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Two Monster Black Holes Are Set To Collide With a Blast 100 Million Times Larger Than a Supernovae

A duo of supermassive black holes orbiting each other at the center of a distant galaxy are heading towards a huge collision that will generate one of the biggest explosions in the cosmos. The black holes are circling each other in a space not much bigger than our solar system at approximately seven per cent of the speed of light. 

Astronomers observing the pair of black holes said they are projected to crash into each other in less than a million years, generating a blast 100 million times more powerful than a supernovae. This system of binary black holes is known as PG 1302-102 and they were first discovered in January this year when astronomers detected an uncommon bright spot of UV light coming from the center of a galaxy.

Researchers have now used ultraviolet light data from Hubble Space Telescope and NASA's Galaxy Evolution Explorerer (Galex) to track down the light configurations over the past 20 years. They found the black holes are emitting a bizarre cyclic light pattern as one of them is engrossing more matter than the other black holes, heating up the neighboring matter to release energy. The researchers discovered that this black hole orbits the other black hole once every five years. They said they belive that by carefully observing the final moments of these black holes will help them search for gravitational waves. The two black holes will circle each other closer and closer to each other in a 'death spiral' just like ice skaters, creating warping space and time.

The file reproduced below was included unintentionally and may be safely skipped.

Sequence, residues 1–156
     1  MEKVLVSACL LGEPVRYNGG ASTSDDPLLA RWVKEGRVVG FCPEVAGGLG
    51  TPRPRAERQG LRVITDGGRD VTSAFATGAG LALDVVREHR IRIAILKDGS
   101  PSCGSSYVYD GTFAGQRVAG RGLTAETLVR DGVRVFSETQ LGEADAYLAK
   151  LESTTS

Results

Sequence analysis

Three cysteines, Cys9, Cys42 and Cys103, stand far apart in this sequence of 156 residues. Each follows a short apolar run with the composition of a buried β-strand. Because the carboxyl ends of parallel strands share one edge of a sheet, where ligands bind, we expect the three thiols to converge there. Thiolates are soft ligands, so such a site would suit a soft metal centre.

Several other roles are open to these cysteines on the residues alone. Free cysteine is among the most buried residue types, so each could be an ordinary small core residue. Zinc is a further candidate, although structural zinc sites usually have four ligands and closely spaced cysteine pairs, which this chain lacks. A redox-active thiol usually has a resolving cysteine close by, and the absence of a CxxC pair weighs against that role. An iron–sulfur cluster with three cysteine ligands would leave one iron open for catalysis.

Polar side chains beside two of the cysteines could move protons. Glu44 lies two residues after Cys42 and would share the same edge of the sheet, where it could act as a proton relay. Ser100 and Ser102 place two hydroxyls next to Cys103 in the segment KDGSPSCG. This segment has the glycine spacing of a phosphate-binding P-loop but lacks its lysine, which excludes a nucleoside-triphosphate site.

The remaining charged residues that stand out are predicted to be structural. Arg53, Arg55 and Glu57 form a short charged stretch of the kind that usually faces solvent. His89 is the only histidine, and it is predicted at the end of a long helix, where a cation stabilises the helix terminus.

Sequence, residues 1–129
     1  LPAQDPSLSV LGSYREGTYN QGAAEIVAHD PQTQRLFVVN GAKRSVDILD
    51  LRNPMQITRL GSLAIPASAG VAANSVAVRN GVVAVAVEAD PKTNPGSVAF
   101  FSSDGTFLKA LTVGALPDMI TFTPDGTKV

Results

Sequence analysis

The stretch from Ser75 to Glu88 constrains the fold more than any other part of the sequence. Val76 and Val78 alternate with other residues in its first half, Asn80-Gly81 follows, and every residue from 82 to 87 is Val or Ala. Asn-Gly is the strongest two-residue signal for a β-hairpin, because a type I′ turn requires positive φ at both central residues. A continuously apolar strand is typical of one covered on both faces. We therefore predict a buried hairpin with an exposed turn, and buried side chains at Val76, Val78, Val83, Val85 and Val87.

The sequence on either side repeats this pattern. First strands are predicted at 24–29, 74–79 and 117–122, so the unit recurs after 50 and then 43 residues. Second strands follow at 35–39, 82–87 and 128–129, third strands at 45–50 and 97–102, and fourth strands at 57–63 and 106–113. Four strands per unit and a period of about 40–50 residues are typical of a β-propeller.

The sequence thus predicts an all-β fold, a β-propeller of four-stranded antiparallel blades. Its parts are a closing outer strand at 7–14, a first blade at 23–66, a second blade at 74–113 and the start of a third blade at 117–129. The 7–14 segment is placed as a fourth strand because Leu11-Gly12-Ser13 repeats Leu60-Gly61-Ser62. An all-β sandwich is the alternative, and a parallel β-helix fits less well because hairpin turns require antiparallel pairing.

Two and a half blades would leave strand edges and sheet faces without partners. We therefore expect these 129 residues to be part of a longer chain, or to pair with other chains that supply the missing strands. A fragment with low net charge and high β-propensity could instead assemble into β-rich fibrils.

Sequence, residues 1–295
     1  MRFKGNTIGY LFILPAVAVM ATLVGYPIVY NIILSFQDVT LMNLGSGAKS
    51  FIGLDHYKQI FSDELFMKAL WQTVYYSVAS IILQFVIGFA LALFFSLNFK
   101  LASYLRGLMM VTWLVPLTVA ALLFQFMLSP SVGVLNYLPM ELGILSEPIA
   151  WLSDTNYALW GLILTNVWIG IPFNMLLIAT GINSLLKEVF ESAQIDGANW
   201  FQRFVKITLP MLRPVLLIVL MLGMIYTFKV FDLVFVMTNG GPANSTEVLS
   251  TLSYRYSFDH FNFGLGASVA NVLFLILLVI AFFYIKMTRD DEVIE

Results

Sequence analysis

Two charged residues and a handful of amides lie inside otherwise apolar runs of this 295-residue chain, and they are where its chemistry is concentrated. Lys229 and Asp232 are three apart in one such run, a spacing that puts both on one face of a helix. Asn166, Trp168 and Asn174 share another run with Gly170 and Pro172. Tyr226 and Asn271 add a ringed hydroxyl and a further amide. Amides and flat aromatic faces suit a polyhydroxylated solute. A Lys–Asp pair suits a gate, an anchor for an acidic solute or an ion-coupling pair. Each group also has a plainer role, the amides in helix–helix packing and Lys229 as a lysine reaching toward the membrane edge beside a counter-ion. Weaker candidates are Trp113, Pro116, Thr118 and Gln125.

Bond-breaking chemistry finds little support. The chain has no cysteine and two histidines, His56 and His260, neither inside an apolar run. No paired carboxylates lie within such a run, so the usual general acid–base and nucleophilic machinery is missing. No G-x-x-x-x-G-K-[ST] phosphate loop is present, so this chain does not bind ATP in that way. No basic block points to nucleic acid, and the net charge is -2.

This phenomenon would help to verify theories about gravity first suggested by Albert Einstein nearly 100 years ago. Professor Zolt├ín Haiman, an astronomer at Columbia University in New York who directed the mission, said: “We are strengthening our ideas of what's going on in this system and starting to understand it better.”

The entangled dance of the two giant black holes is also discharging an odd light signal that seems to brighten every five years. This is only because of the 'blue shifting' effect, in which light is clutched to smaller wavelengths as it journeys toward us in the same way that a police car's siren squeals at greater frequencies as it mpvestoward you.

One other reason has to do with the colossal speed of the black hole. The brighter black hole is roving at nearly seven percent the speed of light – nearly47 million miles per hour.

At these speeds, which are called as relativistic, the light becomes enhanced and brighter. The study was published in journal Nature.

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